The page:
Feb 172014

Line infantry is a type of infantry which composed the basis of European land armies from the middle of the 17th century to the middle of the 19th century.

This picture is of the Prussian line infantry attack at the 1745 Battle of Hohenfriedberg.

Line infantry appeared in the 17th century. At the beginning of 17th century the Swedish king Gustavus Adolphus decided to equip his army with firearms with wheellocks, but only his cavalry received them in his lifetime. Shortly after his death, the Swedish infantry was equipped with new muskets with wheellocks which were comparatively light when compared to older muskets, making it easier to fire the weapon without the aid of a support. Moreover, the new musket required less iron and it turned out to be cheaper to mass-produce. This firearm made it possible to create line infantry.

Linear tactics and function

Line infantry used mostly three types of formations in its battles: the line, the square and the column.
With the massive proliferation of hand guns (firearms that could be carried by hand, as opposed to cannon; not to be confused with handguns) in the infantry units from the middle of 17th century the battlefield was dominated by linear tactics, according to which the infantry was aligned into long thin lines and fired volleys. A line consisted of 2, 3 or 4 ranks of soldiers.
The relatively short range at which smooth bore muskets could accurately hit a target, added to the slow reload (2 to 3 rounds per minute), meant that massed formation firing was essential for maximising enemy casualties. The line was considered as the fundamental battle formation as it allowed for the largest deployment of firepower. Troops in skirmish formation, though able to take cover and use initiative, were highly vulnerable to cavalry and could not hold ground against advancing infantry columns. Line infantry provided an ‘anchor’ for skirmishers and cavalry to retreat to if threatened.

Against surrounding enemy cavalry, line infantry could swiftly adopt square formations to provide protection. Such squares were hollow (consisting of four lines), unlike the pikiners’ and old-style musketeers’ square.
Movement in line formation was very slow, and unless the battalion was superbly trained, a breakdown in cohesion was virtually assured, especially in any kind of uneven or wooded terrain. As a result, line was mostly used as a stationary formation, with troops moving in column formations and then deploying to line at their destination. Usually for movement and melee attacks, columns would be adopted.

Training and recruitment

Line infantry was trained in the manual of arms evolutions, the main objectives of which were fast deployment of a line, rapid shooting and manoeuvre.

Line tactics required a strict discipline and simple movements, practised to the point where they became second-nature. During training, the drill and corporal punishments were widely used.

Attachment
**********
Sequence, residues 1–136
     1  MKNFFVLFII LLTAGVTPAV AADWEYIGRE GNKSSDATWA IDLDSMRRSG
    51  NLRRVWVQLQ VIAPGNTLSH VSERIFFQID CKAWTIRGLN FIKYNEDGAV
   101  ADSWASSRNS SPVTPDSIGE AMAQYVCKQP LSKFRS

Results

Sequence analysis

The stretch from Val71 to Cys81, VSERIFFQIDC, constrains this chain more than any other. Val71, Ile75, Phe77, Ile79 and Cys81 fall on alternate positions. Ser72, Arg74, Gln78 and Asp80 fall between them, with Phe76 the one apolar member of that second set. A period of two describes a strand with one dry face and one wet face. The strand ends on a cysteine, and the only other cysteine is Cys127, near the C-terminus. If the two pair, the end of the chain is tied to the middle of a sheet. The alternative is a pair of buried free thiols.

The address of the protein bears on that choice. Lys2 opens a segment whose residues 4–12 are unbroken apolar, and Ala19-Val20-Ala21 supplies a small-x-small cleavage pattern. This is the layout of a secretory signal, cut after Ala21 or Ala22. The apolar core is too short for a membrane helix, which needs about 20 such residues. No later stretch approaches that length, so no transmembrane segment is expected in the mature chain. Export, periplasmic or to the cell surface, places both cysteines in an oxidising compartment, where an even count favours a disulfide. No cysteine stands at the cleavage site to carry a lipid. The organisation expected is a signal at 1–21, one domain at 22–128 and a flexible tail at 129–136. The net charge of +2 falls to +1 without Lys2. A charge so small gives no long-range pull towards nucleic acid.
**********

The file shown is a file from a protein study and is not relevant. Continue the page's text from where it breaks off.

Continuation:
Line infantry quickly became the most common type of infantry in European countries. Musketeers and grenadiers, formerly elite troops, gradually became part of the line infantry, switching to linear tactics.

Arms and equipment

In the middle of the 17th century, the muskets of line infantry had bayonets added. Bayonets were attached to the muzzles of muskets and were used when line troops entered melee combat. They also helped to defend against cavalry.
At the end of the 17th century, muskets were replaced by lighter and cheaper infantry fusils with flintlocks, weighing 5 kg with a caliber of 17.5 mm, first in France and then in other states. In many countries, the new fusils retained the name “musket”. Both muskets and fusils were smoothbore, which lessened their accuracy and range.
The bulk of the line infantry had no protective equipment. Only the former elite troops could keep by tradition some elements of protection, for example, the copper mitre caps of grenadiers.

Line infantry and other contemporary types of infantry

Besides line infantry, there were elite troops (royal guards and other designated elite regiments) and the light infantry. Light infantry operated in extended order (also known as skirmish formation) as opposed to the close orders (tight formations) used by line infantry. Since the late 18th century light infantry in most European countries mostly consisted of riflemen (such as the German Jäger), armed with rifled carbines and trained in aimed shooting and use of defilades. Line infantry, whose muskets with bayonets were heavier than carbines, became known as heavy infantry and were used as the main deciding force.

In France during the Revolutionary and Napoleonic Wars the division into the Guard, line infantry and light infantry formally continued to exist, but line regiments and “light” regiments had identical weaponry (smooth-bore fusils) and tactics. Napoleon distrusted rifled firearms. However, both line and “light” regiments each included a battalion of tirailleurs or voltigeurs expected to act as skirmishers as well being able to deploy into line.